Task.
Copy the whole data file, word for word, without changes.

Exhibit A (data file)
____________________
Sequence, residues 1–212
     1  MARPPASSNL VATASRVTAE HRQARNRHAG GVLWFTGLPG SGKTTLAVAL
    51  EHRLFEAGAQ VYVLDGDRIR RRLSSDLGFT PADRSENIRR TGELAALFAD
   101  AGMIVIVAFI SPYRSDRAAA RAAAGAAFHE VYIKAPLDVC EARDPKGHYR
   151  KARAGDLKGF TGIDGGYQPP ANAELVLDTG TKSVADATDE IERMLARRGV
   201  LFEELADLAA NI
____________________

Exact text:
Sequence, residues 1–212
     1  MARPPASSNL VATASRVTAE HRQARNRHAG GVLWFTGLPG SGKTTLAVAL
    51  EHRLFEAGAQ VYVLDGDRIR RRLSSDLGFT PADRSENIRR TGELAALFAD
   101  AGMIVIVAFI SPYRSDRAAA RAAAGAAFHE VYIKAPLDVC EARDPKGHYR
   151  KARAGDLKGF TGIDGGYQPP ANAELVLDTG TKSVADATDE IERMLARRGV
   201  LFEELADLAA NI